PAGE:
Continuing on the theme of prosecutions for fraud during the housing collapse, though in this case civil rather than criminal ones, New York Attorney General Eric Schneiderman just announced a new lawsuit against Credit Suisse for defrauding investors in its mortgage backed securities business. The case mirrors the previous suit filed by Schneiderman against JPMorgan Chase over Bear Stearns’ MBS business. Curiously, both of these banks engaged in settlements just this past weekwith the SEC over precisely the same conduct, settlements where they didn’t have to admit wrongdoing.
|By: David Dayen Tuesday November 20, 2012 2:35 pm|
|By: David Dayen Sunday November 11, 2012 8:45 am|
Of all the thumbsuckers about the second-term Obama agenda I’ve read, the ones that reflect the least contact with reality concern Administration housing policy.
It’s beyond clear that the first-term policy framework sought to protect banks and allocate losses from the collapse of the housing bubble elsewhere. That was the point behind HAMP, designed to “foam the runway” for the banks, allowing them to squeeze out a few extra payments from borrowers and absorb foreclosures more slowly. That was the point behind the foreclosure fraud settlement, reacting to the largest consumer fraud in the history of the world by immunizing the conduct in exchange for a pittance of a fine. That was the point behind a financial fraud task force that turned up precious little financial fraud and sought criminal prosecutions of no individual.
|By: David Dayen Monday October 15, 2012 7:15 pm|
The ACLU plans to sue Morgan Stanley on behalf of five named plaintiffs (they will seek class action status), for the investment bank’s role in fueling what they view as a discriminatory subprime bubble. In doing so, the ACLU will try to pioneer a new legal strategy, by going after the securitizer of the loans instead of the now-defunct originator.
|By: David Dayen Friday October 5, 2012 10:40 am|
A financial firm or any other defendant doesn’t allow a tolling agreement out of the goodness of its heart. It comes out of a negotiated process. The prosecutor gets to stop the clock on the statute of limitations but must give up something in return. Maybe they’re given the opportunity to stop Schneiderman from filing a case at all, or maybe they’ve moved immediately to the settlement phase. Or maybe Schneiderman got the tolling agreement in exchange for agreeing not to prosecute or name any individuals in the cases. A tolling agreement isn’t free, in other words. And it would be good to know the cost of this.
|By: David Dayen Wednesday October 3, 2012 9:28 am|
Much thanks to FT Alphaville for highlighting my storyabout Eric Schneiderman’s lawsuit against JPMorgan Chase over Bear Stearns’ dodgy mortgage-backed securities deals. As I have stressed, nothing in this case indicates there’s been much new investigation at all, or participation from the federal task force. It borrows liberally from a lawsuit by mortgage bond insurer Ambac, which was filed by Karla Sanchez, a former litigator who now works in Schneiderman’s office as the Deputy AG for Economic Justice.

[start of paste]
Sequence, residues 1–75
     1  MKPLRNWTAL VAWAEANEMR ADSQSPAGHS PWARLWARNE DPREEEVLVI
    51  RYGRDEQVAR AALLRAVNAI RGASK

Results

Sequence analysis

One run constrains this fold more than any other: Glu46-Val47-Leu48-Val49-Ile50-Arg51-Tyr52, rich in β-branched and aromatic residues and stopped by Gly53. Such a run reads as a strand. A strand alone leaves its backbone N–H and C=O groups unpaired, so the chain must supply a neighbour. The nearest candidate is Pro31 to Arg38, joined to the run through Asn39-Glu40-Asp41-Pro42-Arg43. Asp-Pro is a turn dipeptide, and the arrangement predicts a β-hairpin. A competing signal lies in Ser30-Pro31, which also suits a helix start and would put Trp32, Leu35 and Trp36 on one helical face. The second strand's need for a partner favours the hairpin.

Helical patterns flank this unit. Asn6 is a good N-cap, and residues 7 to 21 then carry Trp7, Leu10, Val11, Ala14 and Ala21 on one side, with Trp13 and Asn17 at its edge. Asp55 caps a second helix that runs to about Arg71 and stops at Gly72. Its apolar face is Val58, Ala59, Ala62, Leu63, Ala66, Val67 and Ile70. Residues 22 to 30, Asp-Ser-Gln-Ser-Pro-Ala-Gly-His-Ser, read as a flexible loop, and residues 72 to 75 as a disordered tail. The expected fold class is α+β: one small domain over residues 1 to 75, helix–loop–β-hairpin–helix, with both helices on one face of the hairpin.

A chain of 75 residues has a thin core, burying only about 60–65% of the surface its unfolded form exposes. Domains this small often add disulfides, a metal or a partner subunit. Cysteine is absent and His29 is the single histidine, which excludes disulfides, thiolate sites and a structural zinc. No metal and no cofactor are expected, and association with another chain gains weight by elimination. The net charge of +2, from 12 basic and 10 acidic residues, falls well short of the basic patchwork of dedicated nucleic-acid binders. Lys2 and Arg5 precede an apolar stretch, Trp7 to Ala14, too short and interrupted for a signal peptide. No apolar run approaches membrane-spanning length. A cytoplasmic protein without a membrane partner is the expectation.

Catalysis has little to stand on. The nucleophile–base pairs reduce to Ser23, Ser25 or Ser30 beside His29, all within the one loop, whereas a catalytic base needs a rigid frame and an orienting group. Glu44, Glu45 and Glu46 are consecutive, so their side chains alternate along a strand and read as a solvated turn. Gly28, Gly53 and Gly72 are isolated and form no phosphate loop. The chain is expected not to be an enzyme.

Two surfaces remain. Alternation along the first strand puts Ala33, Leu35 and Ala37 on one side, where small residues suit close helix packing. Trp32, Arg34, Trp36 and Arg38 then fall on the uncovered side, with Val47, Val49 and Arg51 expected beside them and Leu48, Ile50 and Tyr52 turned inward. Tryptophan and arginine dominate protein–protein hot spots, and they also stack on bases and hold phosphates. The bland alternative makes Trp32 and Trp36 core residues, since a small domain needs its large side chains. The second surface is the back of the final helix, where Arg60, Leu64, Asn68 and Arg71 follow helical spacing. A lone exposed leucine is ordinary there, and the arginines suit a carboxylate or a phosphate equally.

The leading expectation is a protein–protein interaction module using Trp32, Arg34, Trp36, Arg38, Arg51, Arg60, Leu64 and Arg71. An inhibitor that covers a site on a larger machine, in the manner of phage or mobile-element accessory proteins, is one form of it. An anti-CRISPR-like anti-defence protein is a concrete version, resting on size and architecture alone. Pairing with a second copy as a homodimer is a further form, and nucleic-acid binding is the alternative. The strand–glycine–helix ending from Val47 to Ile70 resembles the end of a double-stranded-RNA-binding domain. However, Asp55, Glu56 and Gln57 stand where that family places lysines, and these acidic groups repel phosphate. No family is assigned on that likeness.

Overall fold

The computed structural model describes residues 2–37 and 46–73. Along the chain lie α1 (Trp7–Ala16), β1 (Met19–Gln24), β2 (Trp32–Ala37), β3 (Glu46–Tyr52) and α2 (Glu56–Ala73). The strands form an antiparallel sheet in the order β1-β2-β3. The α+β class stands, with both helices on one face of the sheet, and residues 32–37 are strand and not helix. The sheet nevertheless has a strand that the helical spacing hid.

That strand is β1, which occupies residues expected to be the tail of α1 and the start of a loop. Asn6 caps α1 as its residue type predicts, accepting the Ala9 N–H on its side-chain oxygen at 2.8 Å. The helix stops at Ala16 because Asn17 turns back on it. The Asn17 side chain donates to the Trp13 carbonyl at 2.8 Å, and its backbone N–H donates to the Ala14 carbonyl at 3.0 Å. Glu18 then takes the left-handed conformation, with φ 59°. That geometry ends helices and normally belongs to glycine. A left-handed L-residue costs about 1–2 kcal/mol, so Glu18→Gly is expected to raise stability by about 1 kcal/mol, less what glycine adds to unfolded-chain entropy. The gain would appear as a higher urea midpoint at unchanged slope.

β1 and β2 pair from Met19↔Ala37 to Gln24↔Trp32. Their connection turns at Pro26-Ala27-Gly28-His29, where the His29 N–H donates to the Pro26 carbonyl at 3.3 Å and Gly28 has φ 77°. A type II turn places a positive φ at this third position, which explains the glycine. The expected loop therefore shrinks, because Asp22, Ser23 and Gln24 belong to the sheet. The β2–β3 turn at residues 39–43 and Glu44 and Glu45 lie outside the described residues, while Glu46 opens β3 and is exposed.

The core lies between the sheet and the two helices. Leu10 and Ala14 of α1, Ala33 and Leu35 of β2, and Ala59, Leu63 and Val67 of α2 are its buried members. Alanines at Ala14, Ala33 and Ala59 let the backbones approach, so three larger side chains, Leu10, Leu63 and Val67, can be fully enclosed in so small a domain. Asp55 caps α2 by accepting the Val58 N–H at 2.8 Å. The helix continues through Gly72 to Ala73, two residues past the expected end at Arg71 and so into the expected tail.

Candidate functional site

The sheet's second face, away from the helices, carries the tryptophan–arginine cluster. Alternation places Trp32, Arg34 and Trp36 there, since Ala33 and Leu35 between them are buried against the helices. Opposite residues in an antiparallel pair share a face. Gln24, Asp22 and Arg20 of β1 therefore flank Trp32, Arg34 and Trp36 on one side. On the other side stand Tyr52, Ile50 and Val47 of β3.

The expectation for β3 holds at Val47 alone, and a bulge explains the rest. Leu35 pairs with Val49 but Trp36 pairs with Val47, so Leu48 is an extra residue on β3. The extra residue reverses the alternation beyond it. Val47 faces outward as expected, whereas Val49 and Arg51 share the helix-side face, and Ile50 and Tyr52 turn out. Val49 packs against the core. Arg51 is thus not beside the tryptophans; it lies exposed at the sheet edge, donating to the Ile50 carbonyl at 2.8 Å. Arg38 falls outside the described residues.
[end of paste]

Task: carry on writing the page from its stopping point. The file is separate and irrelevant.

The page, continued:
|By: David Dayen Tuesday October 2, 2012 11:35 am|
the lawsuit against Bear Stearns on securitization fraud put together by Eric Schneiderman’s office is that it’s rooted in reality. My issues are primarily with timing and scope. There’s no reason this case couldn’t have been filed in 2011. There’s literally nothing in the case that advances what we knew from these other cases in any meaningful way. If the New York AG’s office wanted to pursue a parallel proceeding, they had every ability to do it in 2011, before the foreclosure fraud settlement. Now they’ve given up claims they could have pursued.
|By: David Dayen Tuesday October 2, 2012 6:10 am|
The delay in bringing the case cost tens of billions of potential exposure for JPMorgan Chase. And more than anything, the lack of federal participation in the suit shows that the federal agencies involved in the task force are simply disinterested in prosecution, forcing Schneiderman to cobble together an off-the-shelf suit from other sources to make it look like this move against the banks represents anything real. The timing, one month before voters go to the polls in the Presidential election, is similarly obvious.
|By: David Dayen Monday September 24, 2012 11:35 am|
Investors, envisioning a bottom in the market and capitalizing on public policy to sell off the inventory, have pushed into this space in a big way in 2012, providing almost the entire margin of the modest recovery this year.
|By: David Dayen Monday September 3, 2012 10:23 am|
While housing analysts revel in numbers about home prices and construction starts, I have been trying to focus on the realities of an unhealthy market, with hedge fund house-flippers and shadow inventory driving the so-called “recovery” more than anything fundamental. Gretchen Morgenson takes up the other aspect of this, the fact that the legal wrangling over faulty foreclosures and broken processes never actually ended
|By: David Dayen Sunday September 2, 2012 4:00 pm|
Eric Schneiderman may not be on the roster of speakers at the upcoming Democratic National Convention. But he appears to be providing a much more valuable service.